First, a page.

Murine March Madness: Characterizing Late-Onset AD Models Using Spatial Whole Transcriptome Analysis

  • 10:00 am (PDT)
Speakers: Gregory Carter, PhD

Join us for Murine March Madness – a series of webinars focused on the integration of nCounter and DSP approaches to mouse model research. Learn how the field is advancing with the insights gained by bulk analysis combined with spatial resolution.

Alzheimer’s disease (AD) is a debilitating neurodegenerative disorder affecting nearly 50 million patients worldwide, with no effective treatment currently available. Although the vast majority of cases are late-onset AD (LOAD), current animal models do not fully recapitulate LOAD and thus are not ideal for the development of therapeutics. The Model Organism Development and Evaluation for Late-onset AD consortium (MODEL-AD) is charged with creating, defining, and distributing novel mouse models of LOAD carrying human-relevant risk factors for broad use. MODEL-AD has created a mouse strain carrying a humanized Aβ1-42 in the mouse App gene as well as two of the strongest genetic risk factors for LOAD: a humanized ApoE knock-in mutation and an R47H point mutation of the Trem2 gene (B6.APOEe4/Trem2*R47H/hAβ).

Utilizing a precommercial version of nanoString’s GeoMx® Mouse Whole Transcriptome Atlas (WTA) content, we analyzed the entire mouse transcriptome throughout the cortex and hippocampus of the B6.APOEe4.Trem2*R47H/hAβ mouse strain at multiple time points (12-16 months of age).

Formalin fixed, paraffin embedded mouse brains were prepared and cut to a thickness of 8 microns. Slides were stained to visualize amyloid beta, microglia and nuclei.

Gene expression differences were observed between the B6.APOEe4/Trem2*R47H/ hAβ mice and C57BL6/J controls, specifically near AD-like pathology, as well as between different brain regions.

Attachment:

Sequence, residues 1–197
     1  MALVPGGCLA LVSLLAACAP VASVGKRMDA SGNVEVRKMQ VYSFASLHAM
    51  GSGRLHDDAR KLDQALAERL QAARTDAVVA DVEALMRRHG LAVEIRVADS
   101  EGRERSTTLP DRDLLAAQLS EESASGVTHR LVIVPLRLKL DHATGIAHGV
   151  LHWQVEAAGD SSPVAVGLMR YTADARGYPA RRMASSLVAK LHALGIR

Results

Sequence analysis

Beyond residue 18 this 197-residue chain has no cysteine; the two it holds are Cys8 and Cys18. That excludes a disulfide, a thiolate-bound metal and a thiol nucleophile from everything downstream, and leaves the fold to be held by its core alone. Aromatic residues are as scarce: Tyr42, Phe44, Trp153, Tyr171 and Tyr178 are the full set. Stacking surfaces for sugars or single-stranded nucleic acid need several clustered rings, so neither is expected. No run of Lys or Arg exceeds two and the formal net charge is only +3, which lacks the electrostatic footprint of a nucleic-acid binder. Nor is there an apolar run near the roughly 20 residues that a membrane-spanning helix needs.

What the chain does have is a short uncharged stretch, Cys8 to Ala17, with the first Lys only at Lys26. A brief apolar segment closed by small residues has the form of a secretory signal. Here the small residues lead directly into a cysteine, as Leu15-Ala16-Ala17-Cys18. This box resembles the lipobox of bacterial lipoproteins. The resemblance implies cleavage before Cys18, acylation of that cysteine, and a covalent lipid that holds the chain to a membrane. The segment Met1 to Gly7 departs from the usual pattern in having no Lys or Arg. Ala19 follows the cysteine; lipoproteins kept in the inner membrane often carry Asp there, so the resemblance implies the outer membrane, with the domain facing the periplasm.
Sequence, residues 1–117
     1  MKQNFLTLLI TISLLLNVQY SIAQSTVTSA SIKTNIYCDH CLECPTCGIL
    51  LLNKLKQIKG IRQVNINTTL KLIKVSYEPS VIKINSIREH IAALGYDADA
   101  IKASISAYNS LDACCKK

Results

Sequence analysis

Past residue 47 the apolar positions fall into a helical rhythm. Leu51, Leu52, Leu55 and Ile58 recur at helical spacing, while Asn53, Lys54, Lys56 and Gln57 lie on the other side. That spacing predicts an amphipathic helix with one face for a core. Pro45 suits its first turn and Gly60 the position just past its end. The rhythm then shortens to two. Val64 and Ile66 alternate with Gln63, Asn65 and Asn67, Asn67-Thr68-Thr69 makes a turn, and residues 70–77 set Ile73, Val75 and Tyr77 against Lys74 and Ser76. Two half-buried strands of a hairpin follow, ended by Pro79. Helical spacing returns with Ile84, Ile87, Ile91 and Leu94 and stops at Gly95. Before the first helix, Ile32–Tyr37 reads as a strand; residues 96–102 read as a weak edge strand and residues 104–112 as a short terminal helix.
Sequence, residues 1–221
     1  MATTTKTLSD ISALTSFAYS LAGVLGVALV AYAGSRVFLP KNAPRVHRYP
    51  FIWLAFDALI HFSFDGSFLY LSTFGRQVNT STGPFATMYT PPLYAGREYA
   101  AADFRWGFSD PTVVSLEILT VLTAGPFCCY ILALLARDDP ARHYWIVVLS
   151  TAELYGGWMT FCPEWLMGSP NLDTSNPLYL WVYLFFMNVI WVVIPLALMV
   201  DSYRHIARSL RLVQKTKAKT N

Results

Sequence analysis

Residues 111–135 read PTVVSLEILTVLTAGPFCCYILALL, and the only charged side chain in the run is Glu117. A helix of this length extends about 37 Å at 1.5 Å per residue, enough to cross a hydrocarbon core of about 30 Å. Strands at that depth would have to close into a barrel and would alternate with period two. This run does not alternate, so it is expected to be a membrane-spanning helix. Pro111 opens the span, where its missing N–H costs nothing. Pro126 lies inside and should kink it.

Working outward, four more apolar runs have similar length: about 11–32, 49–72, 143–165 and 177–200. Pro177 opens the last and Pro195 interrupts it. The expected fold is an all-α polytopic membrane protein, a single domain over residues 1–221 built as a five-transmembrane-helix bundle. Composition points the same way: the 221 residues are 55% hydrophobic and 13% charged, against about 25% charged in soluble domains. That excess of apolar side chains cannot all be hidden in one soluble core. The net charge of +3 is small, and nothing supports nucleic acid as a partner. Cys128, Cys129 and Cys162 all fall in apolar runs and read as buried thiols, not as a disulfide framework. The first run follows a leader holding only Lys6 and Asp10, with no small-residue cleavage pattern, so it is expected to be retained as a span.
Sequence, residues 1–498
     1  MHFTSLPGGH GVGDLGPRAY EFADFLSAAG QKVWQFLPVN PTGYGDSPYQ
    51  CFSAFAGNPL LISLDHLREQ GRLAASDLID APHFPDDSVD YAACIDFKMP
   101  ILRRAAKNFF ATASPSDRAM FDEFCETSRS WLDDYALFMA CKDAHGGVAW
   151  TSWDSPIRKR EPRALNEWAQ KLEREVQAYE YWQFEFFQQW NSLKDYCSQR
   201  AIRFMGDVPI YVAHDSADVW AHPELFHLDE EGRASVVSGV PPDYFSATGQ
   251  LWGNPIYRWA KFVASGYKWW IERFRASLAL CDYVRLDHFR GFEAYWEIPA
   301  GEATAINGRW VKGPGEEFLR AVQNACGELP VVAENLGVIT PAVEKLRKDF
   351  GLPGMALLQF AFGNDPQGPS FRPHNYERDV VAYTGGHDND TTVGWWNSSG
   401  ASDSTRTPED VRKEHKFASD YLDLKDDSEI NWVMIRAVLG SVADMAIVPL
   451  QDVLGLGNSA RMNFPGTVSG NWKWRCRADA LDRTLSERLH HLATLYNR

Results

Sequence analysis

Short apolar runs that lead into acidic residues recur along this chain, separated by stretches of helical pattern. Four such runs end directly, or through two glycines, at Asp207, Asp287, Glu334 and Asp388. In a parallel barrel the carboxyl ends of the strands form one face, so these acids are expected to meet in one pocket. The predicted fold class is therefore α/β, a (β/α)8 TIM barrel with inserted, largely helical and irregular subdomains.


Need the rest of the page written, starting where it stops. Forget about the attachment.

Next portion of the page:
The WTA platform provides the opportunity to examine the relationship between pathology and gene expression within a tissue section. We have assessed a novel mouse models of LOAD at young and advanced ages using a novel NanoString WTA platform. We identified that mouse models expressing combinations of LOAD risk variants exhibited AD-relevant signatures. These findings provide a means for measuring all gene activity in tissue sections, across brain regions and ages, and to map where disease-related changes in expression are occur. This technology will enable MODEL-AD to understand the underlying biological mechanisms of AD.

For Research Use Only. Not for Use in Diagnostic Procedures.

Gregory Carter, PhD

Associate Professor
The Jackson Laboratory

Greg Carter combines genetic, genomic, imaging, and other data resources to understand the causes and progression of Alzheimer’s disease. He is Head of Bioinformatics for the IU/JAX/Pitt Model Organism Development and Evaluation for Late-onset Alzheimer’s Disease (MODEL-AD) and the Emory/Sage/SGC Target Enablement to Accelerate Therapy Development for Alzheimer’s Disease (TREAT-AD) Centers. His lab is focused on developing computational and experimental strategies to optimize the use of model systems in understanding Alzheimer’s disease and related-dementias. Their work involves the creation and study of new animal models to dissect the genetics, genomics, and neuropathology of late-onset Alzheimer’s, and the integration of data across multiple platforms to prioritize targets and hypotheses for novel therapeutics.